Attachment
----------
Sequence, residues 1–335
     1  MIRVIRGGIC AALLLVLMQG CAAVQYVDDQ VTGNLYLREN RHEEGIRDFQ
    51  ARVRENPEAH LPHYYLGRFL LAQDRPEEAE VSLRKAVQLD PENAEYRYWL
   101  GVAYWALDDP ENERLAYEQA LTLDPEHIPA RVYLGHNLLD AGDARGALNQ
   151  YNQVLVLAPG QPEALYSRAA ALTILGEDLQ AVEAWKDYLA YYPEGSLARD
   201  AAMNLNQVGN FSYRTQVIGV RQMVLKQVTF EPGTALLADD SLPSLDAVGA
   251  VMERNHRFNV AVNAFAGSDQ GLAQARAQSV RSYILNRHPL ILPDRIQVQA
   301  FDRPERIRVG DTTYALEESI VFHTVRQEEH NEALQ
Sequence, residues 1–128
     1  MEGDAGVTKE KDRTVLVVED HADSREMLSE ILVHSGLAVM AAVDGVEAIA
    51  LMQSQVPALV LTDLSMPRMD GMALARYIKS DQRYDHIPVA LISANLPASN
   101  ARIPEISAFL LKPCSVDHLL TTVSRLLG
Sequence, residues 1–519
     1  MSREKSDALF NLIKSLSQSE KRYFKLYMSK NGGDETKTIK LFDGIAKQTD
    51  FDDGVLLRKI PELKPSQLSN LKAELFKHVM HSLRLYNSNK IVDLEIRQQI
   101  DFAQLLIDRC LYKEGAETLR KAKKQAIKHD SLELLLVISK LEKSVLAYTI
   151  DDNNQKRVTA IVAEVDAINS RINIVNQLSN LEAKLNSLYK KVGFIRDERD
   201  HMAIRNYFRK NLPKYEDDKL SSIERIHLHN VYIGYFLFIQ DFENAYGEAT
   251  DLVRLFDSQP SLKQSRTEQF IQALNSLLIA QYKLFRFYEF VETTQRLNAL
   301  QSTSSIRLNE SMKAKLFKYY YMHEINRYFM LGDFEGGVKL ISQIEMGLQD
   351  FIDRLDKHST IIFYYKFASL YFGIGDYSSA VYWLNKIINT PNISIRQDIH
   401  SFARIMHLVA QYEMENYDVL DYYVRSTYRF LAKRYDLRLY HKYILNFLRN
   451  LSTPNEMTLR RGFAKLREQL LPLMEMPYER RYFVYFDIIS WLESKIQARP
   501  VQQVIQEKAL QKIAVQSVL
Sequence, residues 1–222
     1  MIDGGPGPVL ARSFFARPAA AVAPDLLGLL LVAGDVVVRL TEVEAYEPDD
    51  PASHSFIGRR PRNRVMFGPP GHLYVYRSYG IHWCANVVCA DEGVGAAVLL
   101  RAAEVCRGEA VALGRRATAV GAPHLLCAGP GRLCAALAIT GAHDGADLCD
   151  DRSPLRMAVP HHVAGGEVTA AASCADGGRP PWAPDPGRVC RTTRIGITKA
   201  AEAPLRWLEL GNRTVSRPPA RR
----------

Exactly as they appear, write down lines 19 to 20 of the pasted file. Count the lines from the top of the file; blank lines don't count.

   251  DLVRLFDSQP SLKQSRTEQF IQALNSLLIA QYKLFRFYEF VETTQRLNAL
   301  QSTSSIRLNE SMKAKLFKYY YMHEINRYFM LGDFEGGVKL ISQIEMGLQD